“These open houses allow students to meet with Admissions and Financial Aid representatives,” said Leigh Anne Touzeau, assistant vice president of Enrollment Services, “as well as with other support services like Advising, Counseling Services, Student Life and Recreation, and some faculty.”

Open house locations and dates:

  • Division Street Campus: 5-7:30 p.m. Wednesday, March 26
  • Magnolia Avenue Campus: 4-7 p.m. Thursday, March 27
  • Blount County Campus: 4:30-6 p.m. Thursday, April 3
  • Strawberry Plains Campus: 5-7 p.m. Tuesday, April 8

Each open house is a drop-in event. Anyone who is interested may attend to learn more about Pellissippi State’s academic options, how to apply for financial aid and to the college, and the many resources available to students.

For more information about Pellissippi State, visit www.pstcc.edu or call (865) 694-6400. To request accommodations for a disability, contact the executive director of Human Resources and Affirmative Action at (865) 694-6607 or humanresources@pstcc.edu.

Pellissippi State supporting partner of Michigan-based manufacturing initiative

Pellissippi State Community College is a supporting partner in a $140 million U.S. Department of Defense-backed manufacturing institute in Michigan.

Pellissippi State is one of 60 members of a consortium for the Lightweight and Modern Metals Manufacturing Innovation (LM3I) Institute in Wayne County, Michigan. The consortium brings together aluminum, titanium and high-strength steel manufacturers with universities and laboratories that are pioneering new technology development and research.

As a supporting partner of the LM3I Institute, Pellissippi State committed to an in-kind/cost-share donation for staff and faculty time and lab equipment to assist in the project.

“To be part of this national effort is an honor for Pellissippi State,” said L. Anthony Wise Jr., the college’s president. “Through this project, Pellissippi State’s emphasis on advanced manufacturing training has found a national platform.

“We well know the importance of advanced manufacturing in the fields of research and development, and we’ll see that as this project seeks to build safer, more fuel-efficient vehicles and aircraft.”

Other local members include Oak Ridge National Laboratory, Alcoa and the University of Tennessee.

On Feb. 25, President Barack Obama announced that the LM3I Institute would receive $70 million in federal funding, matched by another $70 million in non-federal funding.

In addition to the research and development aspect of the project, the institute also will provide education, technical skills training, and workforce development. That aspect will address a growing disconnect between manufacturing technology and the training of workers.

“We look forward to working with LM3I on projects that will create a pipeline of talent capable of adopting the technologies developed by UT, ORNL and others,” said Teri Brahams, executive director of economic and workforce development at Pellissippi State.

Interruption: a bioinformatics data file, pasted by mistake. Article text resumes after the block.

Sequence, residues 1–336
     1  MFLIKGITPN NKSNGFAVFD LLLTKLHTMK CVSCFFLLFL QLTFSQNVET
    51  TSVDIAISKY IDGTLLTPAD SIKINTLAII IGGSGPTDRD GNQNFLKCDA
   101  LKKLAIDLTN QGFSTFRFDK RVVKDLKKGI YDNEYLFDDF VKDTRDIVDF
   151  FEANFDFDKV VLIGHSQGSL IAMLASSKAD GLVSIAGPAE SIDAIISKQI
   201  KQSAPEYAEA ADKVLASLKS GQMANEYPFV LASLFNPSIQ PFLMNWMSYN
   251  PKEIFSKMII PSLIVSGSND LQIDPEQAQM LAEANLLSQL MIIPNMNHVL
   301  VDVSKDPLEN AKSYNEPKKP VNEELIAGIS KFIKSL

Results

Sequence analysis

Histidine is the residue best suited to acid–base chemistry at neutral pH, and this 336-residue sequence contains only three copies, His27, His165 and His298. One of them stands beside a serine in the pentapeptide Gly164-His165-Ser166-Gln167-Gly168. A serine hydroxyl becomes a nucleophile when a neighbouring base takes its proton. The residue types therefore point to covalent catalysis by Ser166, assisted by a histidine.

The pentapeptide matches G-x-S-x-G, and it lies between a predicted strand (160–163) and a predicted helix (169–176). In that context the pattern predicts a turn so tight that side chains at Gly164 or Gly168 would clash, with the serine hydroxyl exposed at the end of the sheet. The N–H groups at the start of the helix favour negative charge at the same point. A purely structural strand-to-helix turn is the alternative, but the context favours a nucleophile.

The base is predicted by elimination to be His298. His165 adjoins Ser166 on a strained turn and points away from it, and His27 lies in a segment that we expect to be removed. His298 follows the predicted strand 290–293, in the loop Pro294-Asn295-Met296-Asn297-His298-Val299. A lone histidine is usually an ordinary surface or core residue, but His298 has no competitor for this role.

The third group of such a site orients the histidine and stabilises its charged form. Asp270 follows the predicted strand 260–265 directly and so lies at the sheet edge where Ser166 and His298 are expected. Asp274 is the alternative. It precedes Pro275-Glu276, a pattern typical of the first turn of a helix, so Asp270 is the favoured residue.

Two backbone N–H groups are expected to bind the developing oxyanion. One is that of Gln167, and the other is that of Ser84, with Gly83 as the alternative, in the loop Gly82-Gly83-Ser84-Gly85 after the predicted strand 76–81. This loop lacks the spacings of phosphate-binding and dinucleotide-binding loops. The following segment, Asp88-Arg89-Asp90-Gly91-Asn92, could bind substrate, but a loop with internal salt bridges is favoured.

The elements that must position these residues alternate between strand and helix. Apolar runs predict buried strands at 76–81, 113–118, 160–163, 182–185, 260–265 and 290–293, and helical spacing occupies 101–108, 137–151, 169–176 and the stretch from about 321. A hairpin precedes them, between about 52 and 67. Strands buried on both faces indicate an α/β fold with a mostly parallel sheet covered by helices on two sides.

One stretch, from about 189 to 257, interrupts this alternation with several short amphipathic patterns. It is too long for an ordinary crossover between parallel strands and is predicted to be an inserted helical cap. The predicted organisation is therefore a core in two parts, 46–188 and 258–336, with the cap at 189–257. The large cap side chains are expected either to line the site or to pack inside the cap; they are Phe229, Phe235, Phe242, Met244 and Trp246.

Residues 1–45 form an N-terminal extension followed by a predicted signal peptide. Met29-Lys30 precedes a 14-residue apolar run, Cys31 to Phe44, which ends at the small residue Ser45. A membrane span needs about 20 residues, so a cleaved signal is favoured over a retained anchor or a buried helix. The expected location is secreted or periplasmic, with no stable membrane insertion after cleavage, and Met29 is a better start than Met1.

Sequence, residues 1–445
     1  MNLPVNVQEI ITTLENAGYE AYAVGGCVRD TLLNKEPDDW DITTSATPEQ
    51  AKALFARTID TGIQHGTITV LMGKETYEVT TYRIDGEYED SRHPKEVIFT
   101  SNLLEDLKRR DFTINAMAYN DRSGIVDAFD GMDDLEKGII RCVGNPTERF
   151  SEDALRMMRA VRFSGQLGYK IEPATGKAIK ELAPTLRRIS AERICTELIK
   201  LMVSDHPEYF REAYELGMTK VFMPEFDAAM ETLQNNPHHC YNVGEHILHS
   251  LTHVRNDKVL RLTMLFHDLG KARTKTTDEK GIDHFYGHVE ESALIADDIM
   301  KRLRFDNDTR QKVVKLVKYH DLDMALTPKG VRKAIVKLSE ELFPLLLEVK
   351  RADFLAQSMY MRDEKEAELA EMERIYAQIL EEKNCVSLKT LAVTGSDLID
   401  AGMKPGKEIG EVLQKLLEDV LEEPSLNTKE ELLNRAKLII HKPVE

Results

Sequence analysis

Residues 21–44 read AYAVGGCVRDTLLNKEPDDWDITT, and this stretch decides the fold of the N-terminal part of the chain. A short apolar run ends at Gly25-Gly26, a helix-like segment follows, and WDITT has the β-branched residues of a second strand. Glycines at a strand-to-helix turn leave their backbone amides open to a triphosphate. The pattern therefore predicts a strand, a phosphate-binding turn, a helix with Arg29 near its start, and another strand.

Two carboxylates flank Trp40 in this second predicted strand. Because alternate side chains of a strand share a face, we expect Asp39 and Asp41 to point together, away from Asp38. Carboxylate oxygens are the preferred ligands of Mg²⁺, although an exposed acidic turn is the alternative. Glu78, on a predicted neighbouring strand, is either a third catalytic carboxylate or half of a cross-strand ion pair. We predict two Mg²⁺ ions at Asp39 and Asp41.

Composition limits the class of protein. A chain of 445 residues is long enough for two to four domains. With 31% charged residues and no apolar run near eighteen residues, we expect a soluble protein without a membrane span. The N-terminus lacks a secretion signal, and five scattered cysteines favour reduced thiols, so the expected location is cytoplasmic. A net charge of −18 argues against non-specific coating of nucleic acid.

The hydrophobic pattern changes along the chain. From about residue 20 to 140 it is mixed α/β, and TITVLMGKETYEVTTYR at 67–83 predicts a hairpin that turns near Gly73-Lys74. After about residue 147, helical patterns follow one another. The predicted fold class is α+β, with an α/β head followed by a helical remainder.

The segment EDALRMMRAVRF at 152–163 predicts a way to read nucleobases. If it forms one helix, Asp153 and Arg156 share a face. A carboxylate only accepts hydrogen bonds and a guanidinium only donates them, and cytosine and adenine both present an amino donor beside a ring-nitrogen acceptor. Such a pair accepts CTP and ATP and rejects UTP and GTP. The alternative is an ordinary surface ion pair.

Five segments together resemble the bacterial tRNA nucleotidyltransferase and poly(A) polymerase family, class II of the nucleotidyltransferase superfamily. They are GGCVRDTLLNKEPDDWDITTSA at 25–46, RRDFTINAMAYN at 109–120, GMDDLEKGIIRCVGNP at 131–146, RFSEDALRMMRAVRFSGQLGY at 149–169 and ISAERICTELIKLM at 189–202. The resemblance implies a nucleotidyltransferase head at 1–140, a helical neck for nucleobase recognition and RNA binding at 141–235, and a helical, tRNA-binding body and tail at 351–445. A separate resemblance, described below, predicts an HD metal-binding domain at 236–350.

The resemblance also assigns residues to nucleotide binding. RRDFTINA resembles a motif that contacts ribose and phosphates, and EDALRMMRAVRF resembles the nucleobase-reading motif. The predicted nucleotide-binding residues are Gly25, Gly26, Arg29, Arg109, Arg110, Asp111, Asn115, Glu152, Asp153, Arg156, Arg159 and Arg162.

LM3I is one of three institutes that will receive a combined $200 million in federal funding. The other two are the Next Generation Power Electronics Manufacturing Innovation Institute in North Carolina and the Digital Manufacturing and Design Innovation Institute, also based in Michigan.

For more information about Pellissippi State, visit www.pstcc.edu or call (865) 694-6400.

From professional paintballer to youngest assistant director, Pellissippi State graduate aims for success

Kevin-Fillers-jpgKevin Fillers thought he would spend his career aiming a paintball gun at opponents, but with the help of Pellissippi State Community College, he’s aiming instead for a career in business.

Fillers, who earned an Associate of Science degree from Pellissippi State in 2011, was the top graduate from the University of Tennessee’s college of business administration in December 2013.

“I had an unusual path into college,” Fillers said. “When I graduated high school, I wanted to become a professional paintball player, and I eventually was offered a contract and played professional paintball from 2005 to 2008. But I could see that it wasn’t going to remain a long-term career option, so in 2006, I started taking occasional classes at Pellissippi State.”

Fillers, who graduated from UT with a 4.0 grade point average, attributes his success to those early classes at Pellissippi State.

“If I’d had to deal with traditional class formats,” he said, “I probably never would have started going to school.

“Because of how much I worked and how much I traveled, the only class options open to me were the online, one-night-a-week or two-night-a-week classes. That nontraditional path gave me an entirely new perspective on my future, and allowed me a new start.”